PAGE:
It’s no secret that laser printers are generally expensive. For home and small office users, it is often those lasers that manage to sneak in under the $500 mark that are most appealing. Although this section of the market remains quite small, there are a number of options out there for black-and-white, multifunction and even colour laser printers.
Low-quantity monochrome laser printing is the most competitive part of the sub-$500 laser printer market, with Brother, HP and Canon all providing options. It’s no surprise that Brother’s HL-2140 comes out on top here: the company has long been a manufacturer of small and cheap-to-run laser printers. This is definitely the case with the HL-2140, a low-cost monochrome laser printer that’s got decent speed and is able to print 2600 good quality text pages from a single toner cartridge.
Offering a higher-capacity input tray and faster print times, HP’s LaserJet P1505 is able to handle a slightly busier small office. The LaserJet P1505 is slightly pricier than its entry-level counterparts, but is still economical. It successfully competes with Samsung’s ML-1630, which is available at the same price point.
Entry-level monochrome laser multifunctions may be sparse in terms of advanced features, but they're usually capable of running your average home office. Automatic duplexing is noticeably absent from these machines, but Brother’s MFC-7440N is still fairly functional, providing a 250-page input tray as well as fairly fast printing, copying, scanning and faxing. Though HP’s own LaserJet M1120 MFP provides many of the same features, the MFC-7440N’s integrated Ethernet port is an essential feature for any networked office.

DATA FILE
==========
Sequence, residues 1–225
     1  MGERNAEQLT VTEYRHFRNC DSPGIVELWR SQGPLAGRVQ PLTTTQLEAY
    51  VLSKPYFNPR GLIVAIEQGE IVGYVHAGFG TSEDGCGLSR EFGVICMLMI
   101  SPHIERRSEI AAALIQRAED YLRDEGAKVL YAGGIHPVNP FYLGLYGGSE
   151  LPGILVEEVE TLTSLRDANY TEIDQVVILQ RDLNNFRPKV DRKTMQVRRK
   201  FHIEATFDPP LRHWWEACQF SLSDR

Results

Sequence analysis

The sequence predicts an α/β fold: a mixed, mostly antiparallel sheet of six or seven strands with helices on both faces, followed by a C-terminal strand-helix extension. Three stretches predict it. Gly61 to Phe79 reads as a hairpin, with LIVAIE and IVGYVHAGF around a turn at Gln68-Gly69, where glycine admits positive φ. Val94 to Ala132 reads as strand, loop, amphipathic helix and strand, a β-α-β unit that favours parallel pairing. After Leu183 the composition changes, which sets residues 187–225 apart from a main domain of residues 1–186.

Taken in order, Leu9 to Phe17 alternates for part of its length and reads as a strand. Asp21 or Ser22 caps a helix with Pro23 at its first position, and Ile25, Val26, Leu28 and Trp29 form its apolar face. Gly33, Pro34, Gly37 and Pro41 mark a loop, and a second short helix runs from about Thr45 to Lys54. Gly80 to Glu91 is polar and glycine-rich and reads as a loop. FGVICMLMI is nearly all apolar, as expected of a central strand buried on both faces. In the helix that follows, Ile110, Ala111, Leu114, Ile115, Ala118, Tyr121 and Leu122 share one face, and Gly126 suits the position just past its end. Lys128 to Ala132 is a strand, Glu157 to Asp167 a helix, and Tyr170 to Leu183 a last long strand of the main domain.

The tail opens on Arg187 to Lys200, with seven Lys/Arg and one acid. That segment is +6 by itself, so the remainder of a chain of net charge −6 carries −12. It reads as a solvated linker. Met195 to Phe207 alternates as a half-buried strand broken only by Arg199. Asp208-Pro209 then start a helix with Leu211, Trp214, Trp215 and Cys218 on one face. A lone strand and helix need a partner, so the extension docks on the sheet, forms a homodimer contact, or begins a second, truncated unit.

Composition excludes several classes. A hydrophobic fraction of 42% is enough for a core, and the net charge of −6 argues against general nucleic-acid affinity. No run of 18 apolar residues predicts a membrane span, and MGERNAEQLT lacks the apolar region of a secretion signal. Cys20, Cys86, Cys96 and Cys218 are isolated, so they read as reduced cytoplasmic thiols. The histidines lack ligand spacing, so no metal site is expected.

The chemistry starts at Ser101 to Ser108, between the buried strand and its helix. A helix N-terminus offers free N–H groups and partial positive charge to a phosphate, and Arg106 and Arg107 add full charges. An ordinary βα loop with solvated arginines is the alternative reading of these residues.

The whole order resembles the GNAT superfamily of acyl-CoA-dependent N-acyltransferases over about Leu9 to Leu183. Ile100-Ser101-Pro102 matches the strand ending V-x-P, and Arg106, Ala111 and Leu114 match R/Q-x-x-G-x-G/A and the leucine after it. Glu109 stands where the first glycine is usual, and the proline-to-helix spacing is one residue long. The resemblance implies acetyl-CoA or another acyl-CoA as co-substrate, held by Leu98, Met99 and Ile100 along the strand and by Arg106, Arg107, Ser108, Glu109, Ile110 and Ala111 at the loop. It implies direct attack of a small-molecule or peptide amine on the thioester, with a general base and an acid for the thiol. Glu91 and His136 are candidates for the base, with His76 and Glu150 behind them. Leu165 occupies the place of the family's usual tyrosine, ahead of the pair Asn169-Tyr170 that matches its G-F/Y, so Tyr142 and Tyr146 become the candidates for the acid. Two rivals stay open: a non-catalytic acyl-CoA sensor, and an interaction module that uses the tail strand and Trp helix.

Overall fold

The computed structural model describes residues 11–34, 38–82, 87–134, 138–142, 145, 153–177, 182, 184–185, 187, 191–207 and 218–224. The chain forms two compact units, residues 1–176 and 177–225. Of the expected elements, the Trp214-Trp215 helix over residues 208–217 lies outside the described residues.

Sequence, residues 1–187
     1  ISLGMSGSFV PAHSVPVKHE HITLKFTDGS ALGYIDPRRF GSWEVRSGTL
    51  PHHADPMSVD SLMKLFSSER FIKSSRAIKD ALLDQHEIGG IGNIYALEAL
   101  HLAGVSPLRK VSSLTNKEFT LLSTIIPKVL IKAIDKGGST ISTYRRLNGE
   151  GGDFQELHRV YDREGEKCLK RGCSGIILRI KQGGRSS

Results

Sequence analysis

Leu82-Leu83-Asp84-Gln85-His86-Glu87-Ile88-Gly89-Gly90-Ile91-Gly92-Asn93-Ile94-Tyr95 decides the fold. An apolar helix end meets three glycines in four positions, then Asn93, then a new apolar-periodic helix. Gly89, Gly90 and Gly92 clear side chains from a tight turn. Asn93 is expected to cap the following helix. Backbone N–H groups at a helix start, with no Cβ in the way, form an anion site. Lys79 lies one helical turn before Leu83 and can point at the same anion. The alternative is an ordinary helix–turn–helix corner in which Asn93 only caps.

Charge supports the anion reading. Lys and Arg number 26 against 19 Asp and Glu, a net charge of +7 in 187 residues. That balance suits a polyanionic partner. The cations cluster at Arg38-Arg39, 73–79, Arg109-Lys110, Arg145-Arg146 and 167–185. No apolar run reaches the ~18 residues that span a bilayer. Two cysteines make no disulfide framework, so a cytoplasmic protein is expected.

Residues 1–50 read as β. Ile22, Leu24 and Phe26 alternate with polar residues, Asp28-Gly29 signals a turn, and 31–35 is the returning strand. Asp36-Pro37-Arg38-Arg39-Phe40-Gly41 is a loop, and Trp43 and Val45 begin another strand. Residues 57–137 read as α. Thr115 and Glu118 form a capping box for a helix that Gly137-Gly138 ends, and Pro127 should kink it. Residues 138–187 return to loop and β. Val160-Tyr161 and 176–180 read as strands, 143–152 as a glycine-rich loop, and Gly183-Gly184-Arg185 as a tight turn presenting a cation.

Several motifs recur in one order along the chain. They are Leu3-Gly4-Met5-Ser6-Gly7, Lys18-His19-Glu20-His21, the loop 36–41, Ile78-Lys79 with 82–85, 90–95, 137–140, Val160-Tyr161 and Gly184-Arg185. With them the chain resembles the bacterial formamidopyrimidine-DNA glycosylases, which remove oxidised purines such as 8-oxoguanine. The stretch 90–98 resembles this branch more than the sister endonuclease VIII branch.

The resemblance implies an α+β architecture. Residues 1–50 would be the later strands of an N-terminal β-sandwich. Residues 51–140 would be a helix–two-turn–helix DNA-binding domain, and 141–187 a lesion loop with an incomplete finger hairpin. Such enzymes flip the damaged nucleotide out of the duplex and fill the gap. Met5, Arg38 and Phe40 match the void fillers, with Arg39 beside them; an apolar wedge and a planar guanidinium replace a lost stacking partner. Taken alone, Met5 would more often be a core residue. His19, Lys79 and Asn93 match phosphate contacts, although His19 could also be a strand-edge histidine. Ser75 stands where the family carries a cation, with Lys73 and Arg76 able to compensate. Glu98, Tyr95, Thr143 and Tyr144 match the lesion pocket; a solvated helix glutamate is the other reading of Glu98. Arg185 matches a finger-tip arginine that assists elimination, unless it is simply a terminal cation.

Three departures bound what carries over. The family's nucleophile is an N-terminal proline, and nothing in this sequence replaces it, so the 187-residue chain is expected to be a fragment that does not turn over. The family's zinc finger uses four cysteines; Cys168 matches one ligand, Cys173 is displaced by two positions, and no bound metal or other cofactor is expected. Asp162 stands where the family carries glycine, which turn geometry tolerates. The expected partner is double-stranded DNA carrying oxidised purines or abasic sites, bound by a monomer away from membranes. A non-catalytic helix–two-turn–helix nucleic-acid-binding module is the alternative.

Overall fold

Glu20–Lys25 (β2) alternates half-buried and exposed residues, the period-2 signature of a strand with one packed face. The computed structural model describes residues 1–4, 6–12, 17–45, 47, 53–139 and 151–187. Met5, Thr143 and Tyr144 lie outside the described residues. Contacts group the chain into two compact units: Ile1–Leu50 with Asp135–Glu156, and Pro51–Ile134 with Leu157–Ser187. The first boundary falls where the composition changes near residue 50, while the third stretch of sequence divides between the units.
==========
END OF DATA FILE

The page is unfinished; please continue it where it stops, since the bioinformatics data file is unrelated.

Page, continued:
Konica Minolta MagiColor 2500W
Although monochrome lasers can be bought for under $100, the inclusion of colour printing often causes the cost of a product to skyrocket to four or five times that of its mono equivalent. Not only that, but colour laser printer consumables will often amount to the cost price of the printer itself, if not more. For the small business that needs a fair amount of decent quality colour documents at a reasonable price, Konica Minolta’s MagiColor 2500W is definitely a compelling option. Although consumable costs are still through the roof, page yield is commendable and should help financially over the long term.
Combining decent text and colour output, HP’s LaserJet CP1215 provides colour laser printing at an even cheaper price than Konica Minolta. The quality isn’t as good as the MagiColor 2500W, but for cheap-as-chips colour laser printing for the small business, HP’s option is probably more viable.